Global Crossing recently increased wholesale and “selective” retail bandwidth pricing by 5% to 10% due to “supply and demand equilibrium,” says Anthony Christie, director of marketing for the carrier.

Christie says this equilibrium is a confluence of several factors – not just the growth of streaming video on the Internet. The virtualization and Web-ification of enterprise applications, industry consolidation and inexpensive broadband access – which enables sharing of video files – are all playing a role in the stabilization and increase of bandwidth pricing, he says.

As is the case with Level 3, Global Crossing finds that 50% to 60% of the traffic from its top 10 IP transit customers is “video driven,” Christie says.

Level 3 is seeing increased demand from YouTube and other companies that are aggregating user-generated content; as well as from companies looking to offer broadcast-quality content through the Internet, such as studios distributing DVDs online, and portals offering video downloads to PCs or set-top boxes.

So much for a boost from video Even though U.S. spending for video-on-demand content is expected to boom . . .
Internet streaming video on demand spending (in millions)$53.5$62.4$72.5$84.0$97.1$111.8$128.515.7%
IPTV video on demand spending (in millions)$8.0$49.8$125.6$199.1$294.6$395.1$525.1101.0%
. . . carrier revenue on wavelength services to deliver such content is expected to stay relatively flat since bandwidth supply remains plentiful.
Wavelength services revenue (in millions)$230 $234 $225 $232 $240 $245 $252 1.5%

Jeff Tench, senior vice president of offer management for Level 3 Content Markets, also sees prices for that bandwidth -- be it transport bandwidth, IP transit or content distribution – stabilizing due to higher demand from the end-user as well as from carriers for edge applications.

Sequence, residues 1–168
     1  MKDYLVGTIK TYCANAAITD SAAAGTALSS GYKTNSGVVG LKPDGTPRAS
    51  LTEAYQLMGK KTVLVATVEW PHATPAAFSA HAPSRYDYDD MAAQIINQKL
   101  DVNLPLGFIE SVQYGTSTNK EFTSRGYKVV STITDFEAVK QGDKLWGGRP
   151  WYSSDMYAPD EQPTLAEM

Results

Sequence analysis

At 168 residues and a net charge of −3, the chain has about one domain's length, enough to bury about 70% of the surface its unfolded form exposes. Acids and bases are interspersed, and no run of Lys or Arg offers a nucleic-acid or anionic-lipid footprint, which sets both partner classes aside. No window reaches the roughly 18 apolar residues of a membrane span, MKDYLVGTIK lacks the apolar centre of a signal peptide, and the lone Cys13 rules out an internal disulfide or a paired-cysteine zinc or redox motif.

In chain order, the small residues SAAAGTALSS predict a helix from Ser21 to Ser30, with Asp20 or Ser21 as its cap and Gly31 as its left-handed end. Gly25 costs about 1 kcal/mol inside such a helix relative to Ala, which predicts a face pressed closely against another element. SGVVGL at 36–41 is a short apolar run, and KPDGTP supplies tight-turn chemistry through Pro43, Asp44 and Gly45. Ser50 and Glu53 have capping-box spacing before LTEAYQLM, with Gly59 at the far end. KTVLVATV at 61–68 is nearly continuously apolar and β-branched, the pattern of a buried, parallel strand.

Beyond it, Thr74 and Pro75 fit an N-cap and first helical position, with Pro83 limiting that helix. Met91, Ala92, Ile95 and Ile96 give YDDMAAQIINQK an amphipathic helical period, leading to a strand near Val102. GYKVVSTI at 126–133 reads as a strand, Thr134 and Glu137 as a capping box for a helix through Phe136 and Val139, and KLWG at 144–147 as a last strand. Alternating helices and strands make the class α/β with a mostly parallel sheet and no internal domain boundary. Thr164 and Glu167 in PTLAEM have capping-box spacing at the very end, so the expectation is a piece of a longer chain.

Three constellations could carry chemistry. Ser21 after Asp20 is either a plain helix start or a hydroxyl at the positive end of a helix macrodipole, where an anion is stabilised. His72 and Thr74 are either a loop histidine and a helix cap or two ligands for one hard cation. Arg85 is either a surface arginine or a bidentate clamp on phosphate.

That higher demand has helped absorb the capacity glut, Tench says, prompting a round of reinvestment in the network. Level 3 has been investing in its network for the past three years at both the wavelength division multiplexing and IP layers, he says.

Level 3 has also been one of the more active carriers on the consolidation front, acquiring seven companies over the past two years.

“If you look at the price for bandwidth fives years ago on a unit basis, it was not economical to distribute movies online,” Tench says. “At the current levels, people are finding new opportunities to use the Internet to shift an entire industry.”

Demand and upgrade costs to light unused fiber will help stabilize bandwidth prices, says Eric Schoonover, senior analyst at research firm TeleGeography. He said it would be a “stretch” to expect prices to increase based on the growth of video.

“I’m not sure enterprise and wholesale customers would bear an increase after so many years of precipitous declines,” Schoonover says. “But I have no doubt there will be an amount of stability that hasn’t been seen in a few years, at least. And really in the end it all comes from video.”

Video is driving the user’s experience, which is prompting providers to buy more IP transit bandwidth to handle the increase in traffic on their long-haul networks, Schoonover says. But this will not eat into fiber glut, he says.

“There’s plenty of fiber in the ground for years to come,” Schoonover says. “In terms of the long-haul major routes, they just have so much glass in the ground that they’re just going to put lasers on either end and call it a day. Most of that fiber is capable of significant DWDM deployments of 96 wavelengths per fiber pair. So you’re getting almost a terabit of data traffic per fiber pair. That’s just a lot.”

Insight’s Rosenberg disagrees. Carriers will need to replace that embedded and unused glass with newer-generation strands, he says.

“This is what the industry has waited for since the 1960s,” he says. “Once you get a mass market for video telephony, that application is going to continue to suck up capacity because whatever you gave them last week is not sufficient: I want better definition, I want better sound, I want better quality in the image.

“It will mean that the industry will begin another round of investment with a new generation of glass and a new generation of optics to be able to meet that capacity demand,” he says. “Current unutilized fiber will be obsoleted by changes in technology over time.”

What, then, is the legacy of all that unused fiber from the late 1990s and early 2000s?

“Telecom industry wasted $100 billion putting down all those redundant long-haul fiber strands,” says the University of Minnesota’s Odlyzko. “One of the great tragedies is that if the $100 billion could have been used instead to take fiber to the home, we would have had more than half of the households in the U.S. wired up with fiber.”